Turkey burgers with chanterelles and Gruyére from The Currabinny Cookbook.

Turkey burgers with chanterelles and Gruyére from The Currabinny Cookbook.Image by James Kavanagh and William Murray

Turkey mince is extremely lean and has become very popular over recent years as the population moves towards a healthier, cleaner lifestyle.

As part of our Back to Basics series, we’re looking at some common ingredients to help make sure our readers are making the most of the great produce that we have access to here in Ireland. Previously we looked at scallops, housekeeper’s cut of beef and chicken thighs; today we're looking at turkey mince.

Known as ground turkey in the States, turkey mince has become hugely popular in Ireland. Much cheaper than minced beef and far leaner, it seems that the popularity of turkey mince has increased in conjunction with the nation's new obsession with working out and eating clean. Nutritionally speaking, turkey mince is a great addition to any diet; per 100g, the meat contains around 100 calories and a whopping 25g of protein. 

Usually made with the meat from excess thighs and drumsticks, turkey mince is packed with flavour but can dry out quite quickly. To alleviate this, it's important to cook the meat carefully and ensure you don't overcook it. It can be helpful to add another element to turkey mince to make sure it stays moist, such as cooking the mince in a sauce or using half turkey mince and half pork mince in mixes for burgers or meatballs.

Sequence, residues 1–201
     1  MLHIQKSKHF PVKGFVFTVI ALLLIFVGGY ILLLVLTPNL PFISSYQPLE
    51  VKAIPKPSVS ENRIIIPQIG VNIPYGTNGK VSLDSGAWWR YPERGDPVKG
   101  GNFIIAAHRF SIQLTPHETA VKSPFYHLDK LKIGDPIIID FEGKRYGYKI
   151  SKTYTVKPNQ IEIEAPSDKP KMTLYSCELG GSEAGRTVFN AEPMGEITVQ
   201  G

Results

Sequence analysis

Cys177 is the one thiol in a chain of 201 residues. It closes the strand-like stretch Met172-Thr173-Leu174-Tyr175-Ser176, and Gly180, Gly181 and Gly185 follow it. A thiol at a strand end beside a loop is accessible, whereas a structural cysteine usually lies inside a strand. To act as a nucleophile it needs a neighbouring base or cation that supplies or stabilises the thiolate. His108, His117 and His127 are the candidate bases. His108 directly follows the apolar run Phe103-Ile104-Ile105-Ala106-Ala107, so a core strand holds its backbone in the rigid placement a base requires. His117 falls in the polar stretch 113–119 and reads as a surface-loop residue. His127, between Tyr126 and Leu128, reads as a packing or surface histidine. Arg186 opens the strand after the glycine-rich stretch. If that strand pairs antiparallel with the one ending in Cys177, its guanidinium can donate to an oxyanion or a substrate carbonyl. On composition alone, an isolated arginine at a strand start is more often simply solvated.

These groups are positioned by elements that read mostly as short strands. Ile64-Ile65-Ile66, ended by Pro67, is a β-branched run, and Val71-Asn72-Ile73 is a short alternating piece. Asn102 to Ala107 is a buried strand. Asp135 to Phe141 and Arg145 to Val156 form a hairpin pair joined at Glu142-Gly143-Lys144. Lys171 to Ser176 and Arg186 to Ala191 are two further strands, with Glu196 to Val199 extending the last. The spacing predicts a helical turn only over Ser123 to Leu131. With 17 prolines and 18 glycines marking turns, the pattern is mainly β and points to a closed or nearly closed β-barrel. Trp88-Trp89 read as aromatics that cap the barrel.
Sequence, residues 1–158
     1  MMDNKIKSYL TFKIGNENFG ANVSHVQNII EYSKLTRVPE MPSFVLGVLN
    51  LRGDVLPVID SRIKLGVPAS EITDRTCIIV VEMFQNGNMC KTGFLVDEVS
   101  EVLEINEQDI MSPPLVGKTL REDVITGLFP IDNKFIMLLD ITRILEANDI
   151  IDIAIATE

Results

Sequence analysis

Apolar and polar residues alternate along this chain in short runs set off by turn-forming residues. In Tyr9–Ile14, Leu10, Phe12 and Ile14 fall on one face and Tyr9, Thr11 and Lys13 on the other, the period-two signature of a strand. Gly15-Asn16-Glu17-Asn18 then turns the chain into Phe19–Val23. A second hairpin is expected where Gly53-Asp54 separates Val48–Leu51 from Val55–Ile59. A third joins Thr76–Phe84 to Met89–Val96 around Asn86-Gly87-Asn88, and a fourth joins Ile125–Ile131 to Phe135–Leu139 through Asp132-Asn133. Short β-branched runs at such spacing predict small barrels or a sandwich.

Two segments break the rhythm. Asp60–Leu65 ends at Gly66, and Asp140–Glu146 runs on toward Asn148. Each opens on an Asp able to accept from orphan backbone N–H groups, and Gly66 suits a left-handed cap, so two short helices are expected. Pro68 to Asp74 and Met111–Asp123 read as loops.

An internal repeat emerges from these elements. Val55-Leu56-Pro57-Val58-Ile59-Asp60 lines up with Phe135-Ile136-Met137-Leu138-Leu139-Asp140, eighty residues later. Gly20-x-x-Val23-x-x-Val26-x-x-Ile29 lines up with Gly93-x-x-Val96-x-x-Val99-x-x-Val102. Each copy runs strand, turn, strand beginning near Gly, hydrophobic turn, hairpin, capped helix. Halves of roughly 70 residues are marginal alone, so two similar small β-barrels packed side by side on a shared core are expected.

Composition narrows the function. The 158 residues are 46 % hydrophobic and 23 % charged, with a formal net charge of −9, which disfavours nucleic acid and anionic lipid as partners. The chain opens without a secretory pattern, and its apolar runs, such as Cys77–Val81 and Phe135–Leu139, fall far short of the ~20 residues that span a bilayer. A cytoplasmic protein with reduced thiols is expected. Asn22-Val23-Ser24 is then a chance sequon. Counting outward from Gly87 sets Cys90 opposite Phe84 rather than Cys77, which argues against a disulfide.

Turkeys are native to the Americas, particularly in areas east of the Rockies including Mexico and California. The bird was first domesticated by the Mayans in Guatemala over 2,000 years ago before it was brought to our shores by European colonisers. Originally, the bird failed to thrive in Europe, but turkeys have since established their presence in both Europe and North America, although they nearly went extinct there 100 years ago due to over-hunting.

Massively associated with celebratory meals, turkey actually replaced swan as the centrepiece at festive meals, as it was easier to keep and prepare. By the late 16th century, turkey was quite commonly eaten in England, but not for Christmas dinner until the reign of King James I. It is said that he opted to forgo the traditional swan in favour of turkey for Christmas dinner one year, which started the tradition that lives on to this day. 

Turkey mince lettuce wraps. Image from @_justwingituk_ on Instagram.

Turkey mince lettuce wraps. Image from @_justwingituk_ on Instagram.

When preparing turkey mince, it's important to ensure that it is fully cooked through before eating as, similarly to chicken, it can contain dangerous bacteria. When the mince is cooked, it will no longer be pink or translucent in colour. You can also use a thermometer to check that the mince has been fully cooked. 

Looking for some recipe inspiration? Read on for some of our favourite recipes:

  • This recipe for turkey burgers with chanterelles and Gruyére cheese comes from the Currabinny cookbook by James Kavanagh and William Murray. We love the idea of combining mince with bacon, Worcestershire sauce and other ingredients to pack the dish full of flavour, as well as helping to make sure the burger doesn't dry out when cooked.
  • Claire Hanley's stuffed turkey meatballs have a distinctly Christmassy feel to them, but we think they're delicious at any time of the year. Try them out for your next dinner party – they make great canapés.
  • Turkey and courgette koftas from eathos make a great lunch option as they're super healthy but full of flavour and very filling. Whip up a batch of these to have for your lunch throughout the week and you'll feel very smug about how virtuous, yet tasty they are. 

Turkey and courgette koftas from eathos.

Turkey and courgette koftas from eathos.

What do you like to make with turkey mince? Let us know in the comments below.